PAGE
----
The notification and alert components in both the control unit and the peripheral alarm unit include visible, audible and tactile alerts. Each unit contains a flashing LED, a speaker, and a vibration unit. The control unit also includes a liquid crystal display (LCD) screen, which displays text broadcast from NWS, or general information about the system.
The objects and advantages of the invention will appear more fully from the following detailed description of the preferred embodiment of the invention made in conjunction with the accompanying drawings.
The control unit 10 also includes auxiliary connections for input signals and output signals. The control unit 10 includes an auxiliary flash output 16 into which an auxiliary flasher or light can be connected. An auxiliary speaker output 18 is also provided on the outer case 12. A telephone jack 20 is provided in the control unit as a means to connect the disaster warning system to telephone wire-based information services.
A wireless transceiver 24 allows the control unit 10 to both transmit and receive wireless information. It is within the scope of the invention that the frequency transmitted and received by the control unit 10 is such that it will not interfere with external radio or wireless frequencies. The wireless transceiver 24 is dimensioned and configured to communicate with the peripheral alarm units 100, as shown in
The control unit 10 includes a test button 26 and a power button 28. When the test button 26 is pressed, the control unit responds with a notification signal indicating that the system is in good condition. The control unit 10 includes several LED status lights including a signal LED 30, a sensor LED 32, and a low battery indicator 34. The signal LED 30 indicates whether or not the NWS radio receiver is functioning. The sensor LED 32 indicates whether or not the wireless transceiver is functioning properly. The low battery indicator 34 indicates the amount of charge left in the backup battery in the control unit 10.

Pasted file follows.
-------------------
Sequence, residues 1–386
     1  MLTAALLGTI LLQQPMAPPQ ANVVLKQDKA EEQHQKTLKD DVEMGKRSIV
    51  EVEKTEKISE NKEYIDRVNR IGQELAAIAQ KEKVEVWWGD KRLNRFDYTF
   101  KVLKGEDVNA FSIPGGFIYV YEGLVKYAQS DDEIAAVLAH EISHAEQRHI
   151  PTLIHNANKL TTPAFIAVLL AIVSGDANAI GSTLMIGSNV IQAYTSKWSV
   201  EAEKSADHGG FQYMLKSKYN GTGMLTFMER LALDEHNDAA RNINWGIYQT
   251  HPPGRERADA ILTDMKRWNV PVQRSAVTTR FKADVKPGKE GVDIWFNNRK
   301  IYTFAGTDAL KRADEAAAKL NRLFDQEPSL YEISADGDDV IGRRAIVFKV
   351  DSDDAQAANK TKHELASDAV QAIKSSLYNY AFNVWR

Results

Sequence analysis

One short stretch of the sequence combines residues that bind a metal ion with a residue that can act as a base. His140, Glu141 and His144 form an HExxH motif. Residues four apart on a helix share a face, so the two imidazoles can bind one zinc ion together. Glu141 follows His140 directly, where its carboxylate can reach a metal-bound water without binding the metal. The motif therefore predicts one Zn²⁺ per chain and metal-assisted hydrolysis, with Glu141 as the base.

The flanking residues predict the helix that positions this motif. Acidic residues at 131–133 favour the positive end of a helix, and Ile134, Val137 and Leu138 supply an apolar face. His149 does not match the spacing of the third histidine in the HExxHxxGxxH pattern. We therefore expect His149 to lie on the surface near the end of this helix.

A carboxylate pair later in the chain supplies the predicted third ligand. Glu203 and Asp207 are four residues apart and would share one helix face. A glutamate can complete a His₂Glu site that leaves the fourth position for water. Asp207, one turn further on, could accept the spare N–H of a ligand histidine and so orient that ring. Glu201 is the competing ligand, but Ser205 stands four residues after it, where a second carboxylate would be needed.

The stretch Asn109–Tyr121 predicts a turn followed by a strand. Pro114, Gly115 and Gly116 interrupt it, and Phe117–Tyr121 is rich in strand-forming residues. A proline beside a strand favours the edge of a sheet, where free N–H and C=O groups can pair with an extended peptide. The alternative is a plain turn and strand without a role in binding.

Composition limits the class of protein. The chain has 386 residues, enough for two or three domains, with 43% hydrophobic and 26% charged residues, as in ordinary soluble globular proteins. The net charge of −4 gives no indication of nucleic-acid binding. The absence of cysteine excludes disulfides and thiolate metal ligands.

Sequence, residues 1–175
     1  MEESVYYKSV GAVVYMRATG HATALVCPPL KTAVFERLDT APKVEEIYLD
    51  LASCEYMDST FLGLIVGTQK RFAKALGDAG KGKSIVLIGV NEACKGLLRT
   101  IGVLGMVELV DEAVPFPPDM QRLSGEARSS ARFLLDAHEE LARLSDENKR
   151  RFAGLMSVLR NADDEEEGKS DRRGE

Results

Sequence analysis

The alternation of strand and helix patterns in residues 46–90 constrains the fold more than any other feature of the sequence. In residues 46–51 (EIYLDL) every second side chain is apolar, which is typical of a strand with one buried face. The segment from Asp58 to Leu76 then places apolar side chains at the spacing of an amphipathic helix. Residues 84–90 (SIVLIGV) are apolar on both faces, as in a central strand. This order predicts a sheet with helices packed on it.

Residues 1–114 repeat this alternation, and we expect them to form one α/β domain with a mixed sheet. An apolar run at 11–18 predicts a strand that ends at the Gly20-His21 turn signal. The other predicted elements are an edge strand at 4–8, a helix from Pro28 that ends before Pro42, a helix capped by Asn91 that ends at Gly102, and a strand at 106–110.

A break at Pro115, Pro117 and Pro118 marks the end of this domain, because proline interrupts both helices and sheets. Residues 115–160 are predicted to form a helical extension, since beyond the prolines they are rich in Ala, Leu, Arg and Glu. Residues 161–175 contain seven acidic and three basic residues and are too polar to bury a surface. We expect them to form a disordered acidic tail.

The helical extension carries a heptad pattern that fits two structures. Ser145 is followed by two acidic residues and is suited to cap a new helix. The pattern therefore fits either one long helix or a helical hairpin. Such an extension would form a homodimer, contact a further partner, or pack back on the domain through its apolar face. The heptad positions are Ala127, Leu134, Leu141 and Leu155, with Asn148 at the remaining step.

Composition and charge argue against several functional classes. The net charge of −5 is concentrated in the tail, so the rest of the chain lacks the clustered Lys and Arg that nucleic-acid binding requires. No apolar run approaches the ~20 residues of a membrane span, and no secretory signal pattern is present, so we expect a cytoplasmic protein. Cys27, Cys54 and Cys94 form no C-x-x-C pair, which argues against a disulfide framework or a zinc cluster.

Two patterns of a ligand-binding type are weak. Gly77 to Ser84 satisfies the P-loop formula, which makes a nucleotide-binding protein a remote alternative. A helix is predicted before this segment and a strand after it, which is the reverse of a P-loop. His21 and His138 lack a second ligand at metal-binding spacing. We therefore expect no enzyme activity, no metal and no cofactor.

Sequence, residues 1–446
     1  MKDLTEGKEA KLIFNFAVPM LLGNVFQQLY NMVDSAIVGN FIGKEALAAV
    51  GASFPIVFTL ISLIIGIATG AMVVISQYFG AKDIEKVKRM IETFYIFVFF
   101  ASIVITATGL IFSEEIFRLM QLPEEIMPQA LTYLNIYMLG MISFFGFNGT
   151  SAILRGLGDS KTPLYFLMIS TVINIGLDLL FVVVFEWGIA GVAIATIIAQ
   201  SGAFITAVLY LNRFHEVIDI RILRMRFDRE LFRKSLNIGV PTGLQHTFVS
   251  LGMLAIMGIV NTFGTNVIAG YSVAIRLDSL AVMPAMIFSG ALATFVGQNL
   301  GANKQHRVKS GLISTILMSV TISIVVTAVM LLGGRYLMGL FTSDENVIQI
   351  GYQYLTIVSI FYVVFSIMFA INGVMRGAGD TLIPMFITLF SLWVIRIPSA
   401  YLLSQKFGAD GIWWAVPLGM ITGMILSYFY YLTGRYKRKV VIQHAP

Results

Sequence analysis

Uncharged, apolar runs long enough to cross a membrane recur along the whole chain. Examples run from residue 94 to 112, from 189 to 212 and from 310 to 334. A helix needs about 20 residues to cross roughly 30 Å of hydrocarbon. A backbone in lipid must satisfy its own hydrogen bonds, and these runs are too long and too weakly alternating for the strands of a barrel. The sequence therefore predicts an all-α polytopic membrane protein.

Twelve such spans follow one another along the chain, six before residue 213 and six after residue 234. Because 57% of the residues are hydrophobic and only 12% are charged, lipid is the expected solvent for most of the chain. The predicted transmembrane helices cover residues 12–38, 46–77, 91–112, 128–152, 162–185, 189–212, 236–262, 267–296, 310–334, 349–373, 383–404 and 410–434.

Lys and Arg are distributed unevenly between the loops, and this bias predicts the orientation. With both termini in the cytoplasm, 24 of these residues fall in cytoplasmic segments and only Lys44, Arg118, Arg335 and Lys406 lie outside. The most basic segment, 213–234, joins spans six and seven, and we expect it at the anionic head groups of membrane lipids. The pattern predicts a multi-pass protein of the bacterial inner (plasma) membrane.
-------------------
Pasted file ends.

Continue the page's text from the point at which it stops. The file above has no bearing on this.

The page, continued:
The control unit 10 also has a LCD screen 36, which displays text information broadcast by the NWS, and provides status information about the disaster warning system.
Each peripheral alarm unit 100 maintains communication with the control unit 10 via either a wire connection or a wireless transceiver 106. In a preferred embodiment, the peripheral alarm unit 100 not only receives information from the control unit 10, but also transmits information and signals back to the control unit 10. In such an embodiment, the peripheral alarm unit 100 also contains a motion detector, which when activated would send an alert signal back to the control unit 10. In another embodiment, a peripheral alarm unit 100 without a motion detector would only require a passive receiver instead of a transceiver 106.
Each peripheral alarm unit includes a test button 108 which provides feedback of the status. Each peripheral alarm unit 100 can draw power from an AC source or DC source. A low battery LED 110 indicates the charge life of a battery backup system.
It is understood that the invention is not confined to the particular construction and arrangement of parts herein illustrated and described, but embraces such modified forms thereof as come within the scope of the following claims.
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|U.S. Classification||340/539.26, 340/693.6, 340/601, 73/170.16, 340/539.28, 340/691.6, 340/628|
|Cooperative Classification||G08B17/00, G08B7/06, G08B17/113, G08B27/008, G08B21/10|
|European Classification||G08B27/00T, G08B17/00, G08B21/10, G08B7/06|
|Feb 21, 2014||REMI||Maintenance fee reminder mailed|
|Jul 13, 2014||LAPS||Lapse for failure to pay maintenance fees|
|Sep 2, 2014||FP||Expired due to failure to pay maintenance fee|
Effective date: 20140713